This is still just a draft, isn't it?
It is for consultation (says so in the document title) unless there is a document that supercedes the one ive linked to. Hopefully those who are being consulted will fall about laughing hysterically and tell who ever wrote it that they are clearly completely off their rocker.
Oh, and I'd forgotten the civilisation of Ancient Greece is casually mentioned at the start of the document, so in chronological order that needs to be covered as well in Y3.
We could add that (democracy, citizenship and politics and all) to Y3, but shove the Norman Conquest into Y4 with The Crusades, Plantagenet rulers of the 12th and 13th Century, including the key developments with the reign of Henry II, and covering the murder of Thomas Beckett, the Magna Carter, de Montford's parliament and relationships between England, Scotland, Ireland and Wales, Robert the Bruce, William Wallace and the Hundred Years War.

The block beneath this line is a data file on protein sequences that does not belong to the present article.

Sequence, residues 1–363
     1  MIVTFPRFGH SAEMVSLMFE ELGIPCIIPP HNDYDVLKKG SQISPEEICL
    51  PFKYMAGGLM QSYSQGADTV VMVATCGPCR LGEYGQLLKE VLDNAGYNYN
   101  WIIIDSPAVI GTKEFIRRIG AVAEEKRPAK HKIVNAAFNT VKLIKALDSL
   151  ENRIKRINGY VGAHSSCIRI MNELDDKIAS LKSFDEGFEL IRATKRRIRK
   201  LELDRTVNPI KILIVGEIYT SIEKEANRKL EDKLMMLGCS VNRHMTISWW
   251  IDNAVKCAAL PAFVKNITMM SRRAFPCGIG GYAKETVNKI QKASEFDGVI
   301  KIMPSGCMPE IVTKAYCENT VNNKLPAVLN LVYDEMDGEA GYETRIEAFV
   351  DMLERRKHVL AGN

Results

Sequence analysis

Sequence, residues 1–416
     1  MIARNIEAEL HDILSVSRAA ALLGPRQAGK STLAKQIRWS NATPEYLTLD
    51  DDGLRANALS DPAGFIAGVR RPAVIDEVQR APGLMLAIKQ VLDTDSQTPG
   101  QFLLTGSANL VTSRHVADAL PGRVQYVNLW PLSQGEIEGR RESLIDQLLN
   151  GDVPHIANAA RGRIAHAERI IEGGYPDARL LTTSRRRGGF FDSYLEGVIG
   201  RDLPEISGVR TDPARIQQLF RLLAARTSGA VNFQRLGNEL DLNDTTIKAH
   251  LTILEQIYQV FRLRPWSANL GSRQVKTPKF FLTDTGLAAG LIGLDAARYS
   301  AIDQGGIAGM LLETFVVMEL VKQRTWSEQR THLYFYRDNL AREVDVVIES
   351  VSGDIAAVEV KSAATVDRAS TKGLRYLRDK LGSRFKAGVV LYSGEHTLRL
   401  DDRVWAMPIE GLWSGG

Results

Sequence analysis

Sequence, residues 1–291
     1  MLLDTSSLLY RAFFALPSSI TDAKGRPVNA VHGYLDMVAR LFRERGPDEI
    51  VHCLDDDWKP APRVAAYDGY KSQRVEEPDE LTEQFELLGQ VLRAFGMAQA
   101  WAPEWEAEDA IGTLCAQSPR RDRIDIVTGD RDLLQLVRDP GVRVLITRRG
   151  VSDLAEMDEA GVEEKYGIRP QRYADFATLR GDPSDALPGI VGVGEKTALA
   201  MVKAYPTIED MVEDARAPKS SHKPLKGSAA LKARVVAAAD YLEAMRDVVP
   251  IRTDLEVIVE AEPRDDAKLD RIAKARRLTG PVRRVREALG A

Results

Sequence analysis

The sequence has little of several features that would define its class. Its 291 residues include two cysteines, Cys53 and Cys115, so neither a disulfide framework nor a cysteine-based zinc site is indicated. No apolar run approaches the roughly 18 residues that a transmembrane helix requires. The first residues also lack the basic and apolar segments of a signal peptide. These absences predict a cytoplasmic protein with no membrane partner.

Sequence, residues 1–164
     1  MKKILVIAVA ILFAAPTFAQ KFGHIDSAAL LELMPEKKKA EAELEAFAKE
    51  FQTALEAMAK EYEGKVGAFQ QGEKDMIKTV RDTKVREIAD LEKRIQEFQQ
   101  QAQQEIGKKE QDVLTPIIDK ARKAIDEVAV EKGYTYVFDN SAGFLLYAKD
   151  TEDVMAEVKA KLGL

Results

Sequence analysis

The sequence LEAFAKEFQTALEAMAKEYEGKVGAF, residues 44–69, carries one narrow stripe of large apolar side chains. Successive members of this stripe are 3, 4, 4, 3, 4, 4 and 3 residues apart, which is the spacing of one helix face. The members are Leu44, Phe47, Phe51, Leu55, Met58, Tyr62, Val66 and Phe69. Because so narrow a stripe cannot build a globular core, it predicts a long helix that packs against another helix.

how to respond to consultation
You know what, primary school teachers are amazing already, but now they seem to have to become in depth historians and well as all their other skills. And what about the resources needed for all of this?!
My mistake , you're so right.
No Ancient Egypt. That's the one our Y4s are most engaged and fascinated by. Not sure that learning about de Montfort's parliament will cut it in the same way.... I'd already started thinking "How could I approach that in an engaging way?" And then very quickly realised that actually I just need to get the key facts, write them out and get the children to memorise and regurgitate.
Welcome to Gove's world.